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  • ACOEM Comments to FDA on Opioid Prescribing Activity

    March 15, 2018

    Dockets Management Staff (HFA-305)
    U.S. Food and Drug Administration
    5630 Fishers Lane, Room 1061 
    Rockville, MD 20852 

    Re: FDA–2017–N–6502

    To Whom It May Concern:

    On behalf of the American College of Occupational and Environmental Medicine (ACOEM), I am providing comments
    in response to the January 30 hearing held by the U.S. Food and Drug Administration — “Opioid Policy Steering
    Committee: Prescribing Intervention — Exploring a Strategy for Implementation.”   

    The current national dialogue about the use of opioids in medical treatment provides an example of the tension between
    process and outcomes — with the discussion increasingly focused on the importance of functional outcomes as the best
    assessment measure for opioid effectiveness. The recent creation of new strongly outcome-oriented guidelines and
    standards for opioid treatment offered by multiple organizations, is a signal of the importance of creating consistent,
    agreed-upon, outcome measures to achieve value. If more providers prescribing opioids were focused on similar functional
    outcomes as their treatment goal, the health system as a whole would be better equipped to reduce opioid abuse.1

    Functional outcomes refer to the patient’s ability to perform everyday activities such as exercise, driving, walking,
    household duties, and work. It is well known that opioids are not the only, nor best, treatment for non-acute pain.
    In addition, their use should not be extended beyond the generally short period needed to assuage acute pain. However,
    physician who are not monitoring the patient’s functional progress and are recording only pain scale responses are likely
    to over-prescribe opioids. The major reason providers are not following these goals is that they are not included in the
    routine medical record nor is functional status a required element in the electronic health record (EHR).

    We are requesting that the FDA petition the Office of the National Coordinator for Health Information Technology (ONC)
    to investigate the feasibility of requiring an element reflecting patient function be added to the EHR. Assessment of patient
    function is the mainstay in determining when opioids may be needed, how long they should be continued and how to prescribe
    them in a chronic pain setting.

    We note that numerous tools are available for assessing functional improvement. The AMA and the CDC opioid guidelines suggest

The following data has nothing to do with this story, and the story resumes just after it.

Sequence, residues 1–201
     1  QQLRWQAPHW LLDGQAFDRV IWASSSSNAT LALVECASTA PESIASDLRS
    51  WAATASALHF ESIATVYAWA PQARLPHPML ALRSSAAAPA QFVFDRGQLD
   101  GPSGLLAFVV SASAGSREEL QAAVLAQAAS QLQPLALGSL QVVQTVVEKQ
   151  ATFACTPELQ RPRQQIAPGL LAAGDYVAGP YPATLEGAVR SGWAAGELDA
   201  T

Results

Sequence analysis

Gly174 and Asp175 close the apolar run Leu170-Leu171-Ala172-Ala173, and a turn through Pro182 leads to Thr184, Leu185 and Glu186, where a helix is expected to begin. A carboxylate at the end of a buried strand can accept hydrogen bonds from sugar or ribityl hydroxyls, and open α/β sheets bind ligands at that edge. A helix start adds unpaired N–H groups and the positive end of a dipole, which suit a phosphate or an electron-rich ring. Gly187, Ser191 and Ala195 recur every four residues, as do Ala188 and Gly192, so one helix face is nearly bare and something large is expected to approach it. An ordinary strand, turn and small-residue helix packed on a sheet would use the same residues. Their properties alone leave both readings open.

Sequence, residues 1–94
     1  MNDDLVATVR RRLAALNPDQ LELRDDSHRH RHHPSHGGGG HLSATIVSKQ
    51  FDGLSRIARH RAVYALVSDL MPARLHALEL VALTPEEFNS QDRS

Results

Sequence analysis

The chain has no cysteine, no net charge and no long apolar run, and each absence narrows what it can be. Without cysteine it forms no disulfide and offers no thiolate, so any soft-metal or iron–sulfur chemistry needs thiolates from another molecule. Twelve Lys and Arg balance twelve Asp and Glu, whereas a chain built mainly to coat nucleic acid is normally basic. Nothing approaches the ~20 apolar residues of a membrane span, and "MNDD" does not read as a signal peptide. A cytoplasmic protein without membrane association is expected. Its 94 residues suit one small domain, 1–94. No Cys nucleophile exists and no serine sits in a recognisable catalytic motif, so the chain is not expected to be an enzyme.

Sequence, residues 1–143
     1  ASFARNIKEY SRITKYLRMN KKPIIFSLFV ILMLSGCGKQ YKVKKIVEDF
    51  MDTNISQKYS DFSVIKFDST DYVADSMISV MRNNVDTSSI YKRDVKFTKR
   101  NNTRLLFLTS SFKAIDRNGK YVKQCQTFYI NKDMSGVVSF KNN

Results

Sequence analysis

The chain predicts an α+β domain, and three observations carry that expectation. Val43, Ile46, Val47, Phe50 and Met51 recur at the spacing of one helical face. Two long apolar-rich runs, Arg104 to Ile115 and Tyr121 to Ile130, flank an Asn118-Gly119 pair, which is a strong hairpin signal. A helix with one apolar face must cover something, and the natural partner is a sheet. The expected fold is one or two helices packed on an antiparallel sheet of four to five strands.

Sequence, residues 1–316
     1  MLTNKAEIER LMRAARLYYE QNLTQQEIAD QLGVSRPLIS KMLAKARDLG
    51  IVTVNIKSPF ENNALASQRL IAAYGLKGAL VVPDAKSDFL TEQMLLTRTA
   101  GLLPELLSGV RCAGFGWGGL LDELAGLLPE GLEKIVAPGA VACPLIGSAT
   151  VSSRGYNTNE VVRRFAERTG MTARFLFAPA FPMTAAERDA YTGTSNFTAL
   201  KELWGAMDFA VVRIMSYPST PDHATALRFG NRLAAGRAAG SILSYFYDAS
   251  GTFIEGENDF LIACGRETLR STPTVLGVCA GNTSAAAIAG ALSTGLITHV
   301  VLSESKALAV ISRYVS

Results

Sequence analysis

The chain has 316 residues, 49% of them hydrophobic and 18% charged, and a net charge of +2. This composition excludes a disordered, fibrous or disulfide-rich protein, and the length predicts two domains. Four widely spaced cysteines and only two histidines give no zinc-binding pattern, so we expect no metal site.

that clinicians use validated instruments such as the three-item “Pain average, interference with Enjoyment of life, and
    interference with General activity” (PEG) Assessment Scale to track patient outcomes.2,3,4 However there are also other
    validated functional scales available.   

    While not specifically related to opioids, the consistent use of care focused on functional outcomes has been shown to
    decrease the cost of medical care and the resulting disability from an injury in working populations. Thus, benefits from
    the addition of this element to the EHR are likely extend significantly beyond the isolated population of those eligible for
    opioid use.

    Opioid prescribing activity is unlikely to conform to guideline recommendations and thus decrease inappropriate prescribing
    unless functional elements are available in the EHR. Therefore, ACOEM requests that the FDA encourage ONC to include this
    element in the EHR in order to address the opioid crisis.

    Thank you for your consideration of these comments.


    Charles M. Yarborough III, MD, MPH, FACOEM 



    2CDC Guideline for Prescribing Opioids for Chronic Pain — United States, 2016

    3Krebs EE, Lorenz KA, Bair MJ, et al. Development and initial validation of the PEG, a three-item scale assessing pain
    intensity and interference. J Gen Intern Med. 2009;24:733–8.

    5Recommendation 1. Nonpharmacologic therapy and nonopioid pharmacologic therapy are preferred for chronic
    pain. Clinicians should consider opioid therapy only if expected benefits for both pain and function are anticipated to
    outweigh risks to the patient. If opioids are used, they should be combined with nonpharmacologic therapy and nonopioid
    pharmacologic therapy, as appropriate (recommendation category: A, evidence type: 3). CDC Guideline for Prescribing
    Opioids for Chronic Pain — United States, 2016.

    6https://www.mdguidelines.com -- ACOEM Guidelines Opioids April 2017 -- including tracking functional activities
    and discontinuing opioids when no functional gain is achieved.